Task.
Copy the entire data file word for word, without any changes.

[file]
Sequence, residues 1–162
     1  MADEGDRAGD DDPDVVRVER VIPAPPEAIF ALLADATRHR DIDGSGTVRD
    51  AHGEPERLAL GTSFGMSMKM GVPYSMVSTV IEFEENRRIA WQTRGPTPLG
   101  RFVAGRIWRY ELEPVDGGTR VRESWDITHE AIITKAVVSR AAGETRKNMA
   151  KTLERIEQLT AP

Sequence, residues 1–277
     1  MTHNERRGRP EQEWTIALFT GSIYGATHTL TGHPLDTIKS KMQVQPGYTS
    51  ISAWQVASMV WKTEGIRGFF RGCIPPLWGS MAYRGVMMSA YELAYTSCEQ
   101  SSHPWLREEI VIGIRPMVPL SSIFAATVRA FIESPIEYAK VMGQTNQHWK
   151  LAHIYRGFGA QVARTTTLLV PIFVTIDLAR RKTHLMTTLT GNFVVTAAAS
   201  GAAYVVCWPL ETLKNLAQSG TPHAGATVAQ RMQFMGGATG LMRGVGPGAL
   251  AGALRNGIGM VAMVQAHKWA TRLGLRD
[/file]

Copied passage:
Sequence, residues 1–162
     1  MADEGDRAGD DDPDVVRVER VIPAPPEAIF ALLADATRHR DIDGSGTVRD
    51  AHGEPERLAL GTSFGMSMKM GVPYSMVSTV IEFEENRRIA WQTRGPTPLG
   101  RFVAGRIWRY ELEPVDGGTR VRESWDITHE AIITKAVVSR AAGETRKNMA
   151  KTLERIEQLT AP

Sequence, residues 1–277
     1  MTHNERRGRP EQEWTIALFT GSIYGATHTL TGHPLDTIKS KMQVQPGYTS
    51  ISAWQVASMV WKTEGIRGFF RGCIPPLWGS MAYRGVMMSA YELAYTSCEQ
   101  SSHPWLREEI VIGIRPMVPL SSIFAATVRA FIESPIEYAK VMGQTNQHWK
   151  LAHIYRGFGA QVARTTTLLV PIFVTIDLAR RKTHLMTTLT GNFVVTAAAS
   201  GAAYVVCWPL ETLKNLAQSG TPHAGATVAQ RMQFMGGATG LMRGVGPGAL
   251  AGALRNGIGM VAMVQAHKWA TRLGLRD